Prince Harry Joins Katie Couric and Rashad Robinson in Tackling Misinformation
As one of the most written about men in the world, Prince Harry knows a thing or two about misinformation. Now the Duke of Sussex is putting his past experiences to good use by joining a six-month commission focused on the state of American misinformation and disinformation.
The Aspen Institute confirms to BAZAAR.com that the royal has joined its new Commission on Information Disorder as a commissioner. Journalist Katie Couric, Color of Change president Rashad Robinson, and former Cybersecurity and Infrastructure Security Agency (CISA) director Chris Krebs are the co-chairs.
CNN was first to report that, starting in April, the nonprofit organization’s Aspen Digital division will work alongside a team of experts in senior government roles, media, the private sector, and civil society to find recommendations for how the United States “can respond to this modern-day crisis of faith in key institutions.” Joining Harry will be 14 other commissioners who will meet regularly (virtually), including national security leader Sue Gordon, UCLA professor and author Safiya Noble, philanthropist Marla Blow, Quadrivium cofounder Kathryn Murdoch, and former Texas congressman Will Hurd.
In a statement shared with BAZAAR, the duke gave further insight into his decision to take on a commissioner’s role. “As I’ve said, the experience of today’s digital world has us inundated with an avalanche of misinformation, affecting our ability as individuals as well as societies to think clearly and truly understand the world we live in,” he explains. “It’s my belief that this is a humanitarian issue—and as such, it demands a multi-stakeholder response from advocacy voices, members of the media, academic researchers, and both government and civil society leaders. I’m eager to join this new Aspen commission and look forward to working on a solution-oriented approach to the information disorder crisis.”
Couric, who has been a trustee of the Aspen Institute since 2015, adds that the media industry’s “truth decay” has become a major threat to democracy. “With commentary increasingly replacing reporting, polarization has deepened and trust in media has declined,” she says. “It’s critically important that we figure out how our industry can be part of the solution.”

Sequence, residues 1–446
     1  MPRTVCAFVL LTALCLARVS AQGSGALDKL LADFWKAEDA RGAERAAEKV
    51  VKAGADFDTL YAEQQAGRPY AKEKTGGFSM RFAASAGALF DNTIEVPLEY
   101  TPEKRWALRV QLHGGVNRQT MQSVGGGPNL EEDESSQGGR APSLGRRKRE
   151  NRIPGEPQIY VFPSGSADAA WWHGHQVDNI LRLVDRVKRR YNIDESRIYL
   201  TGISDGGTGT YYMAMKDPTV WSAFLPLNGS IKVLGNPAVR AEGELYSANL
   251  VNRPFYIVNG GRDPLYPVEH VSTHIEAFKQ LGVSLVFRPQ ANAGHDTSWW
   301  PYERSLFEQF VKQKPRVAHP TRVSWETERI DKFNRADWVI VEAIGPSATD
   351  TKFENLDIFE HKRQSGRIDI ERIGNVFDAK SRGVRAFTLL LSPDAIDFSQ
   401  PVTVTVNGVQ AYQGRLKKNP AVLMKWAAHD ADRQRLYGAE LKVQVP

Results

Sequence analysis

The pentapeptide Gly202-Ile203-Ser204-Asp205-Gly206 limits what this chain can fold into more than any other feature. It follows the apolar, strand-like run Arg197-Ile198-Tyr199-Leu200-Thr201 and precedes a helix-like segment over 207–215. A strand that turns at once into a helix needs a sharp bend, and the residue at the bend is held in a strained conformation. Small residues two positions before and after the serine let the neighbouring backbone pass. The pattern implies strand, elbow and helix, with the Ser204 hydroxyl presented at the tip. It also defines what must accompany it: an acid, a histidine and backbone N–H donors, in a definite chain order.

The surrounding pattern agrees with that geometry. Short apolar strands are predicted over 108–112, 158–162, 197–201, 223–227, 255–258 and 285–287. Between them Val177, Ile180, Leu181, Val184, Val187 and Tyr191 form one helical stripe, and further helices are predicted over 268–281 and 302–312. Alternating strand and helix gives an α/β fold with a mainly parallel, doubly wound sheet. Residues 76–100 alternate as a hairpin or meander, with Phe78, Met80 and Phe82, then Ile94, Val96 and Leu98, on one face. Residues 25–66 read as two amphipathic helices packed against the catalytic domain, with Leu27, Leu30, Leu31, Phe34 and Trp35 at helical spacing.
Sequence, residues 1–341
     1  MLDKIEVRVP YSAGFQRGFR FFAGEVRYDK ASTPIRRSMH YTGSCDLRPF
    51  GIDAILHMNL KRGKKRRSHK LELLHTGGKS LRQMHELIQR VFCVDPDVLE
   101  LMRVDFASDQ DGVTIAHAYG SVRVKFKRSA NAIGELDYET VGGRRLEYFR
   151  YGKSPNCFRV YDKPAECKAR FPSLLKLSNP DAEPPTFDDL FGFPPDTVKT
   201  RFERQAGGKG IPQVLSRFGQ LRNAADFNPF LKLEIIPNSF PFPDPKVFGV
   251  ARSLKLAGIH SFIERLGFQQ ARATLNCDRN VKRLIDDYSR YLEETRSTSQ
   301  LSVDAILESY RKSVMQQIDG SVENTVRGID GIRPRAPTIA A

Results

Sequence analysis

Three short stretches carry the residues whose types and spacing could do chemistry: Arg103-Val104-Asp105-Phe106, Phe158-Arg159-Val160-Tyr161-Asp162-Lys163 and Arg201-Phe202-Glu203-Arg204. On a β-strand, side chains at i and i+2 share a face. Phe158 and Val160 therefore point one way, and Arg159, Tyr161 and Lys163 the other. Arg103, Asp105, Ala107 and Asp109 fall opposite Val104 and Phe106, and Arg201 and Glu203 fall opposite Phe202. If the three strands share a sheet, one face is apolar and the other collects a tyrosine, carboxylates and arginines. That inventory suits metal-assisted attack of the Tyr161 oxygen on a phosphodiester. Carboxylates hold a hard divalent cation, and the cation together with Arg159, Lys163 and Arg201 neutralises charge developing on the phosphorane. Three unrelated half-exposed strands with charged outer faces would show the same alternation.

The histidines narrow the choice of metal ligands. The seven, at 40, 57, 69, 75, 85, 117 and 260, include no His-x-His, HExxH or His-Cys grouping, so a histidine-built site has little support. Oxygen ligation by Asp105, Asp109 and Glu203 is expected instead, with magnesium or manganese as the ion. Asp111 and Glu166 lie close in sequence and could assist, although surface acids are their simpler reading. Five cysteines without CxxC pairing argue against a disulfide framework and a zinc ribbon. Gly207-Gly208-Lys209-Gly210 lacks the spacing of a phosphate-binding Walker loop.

The commission is expected to publish its first report about two months after its first meeting, outlining the issues most critical and urgent to be addressed. There will also be a number of themed conversations in the days following, including talks about the lawful and ethical means the federal government can use to help promote fact-based information to counter “dangerous disinformation campaigns.”
As Robinson points out, the information crisis is also a racial justice issue. In August last year, he had a candid discussion with Harry about systemic racism and his support of the Stop Hate for Profit campaign, which asked Facebook’s advertisers to pause ad spending until racism across the company’s platforms was addressed.
“It requires not only an understanding of how it impacts marginalized communities, but a commitment to systemic change and rewriting the rules that have harmed our communities for far too long,” says the Color of Change founder. “Disinformation and the proliferation of online hate groups not only harms Black people and communities of color as we’ve seen from the 2020 election, COVID-19, and the fight for safety and justice in communities around the country, it impacts our democracy and threatens everyone. We need corporations, government, and regulatory agencies to protect civil rights on all the major tech platforms and make the digital landscape a safer place for all communities.”
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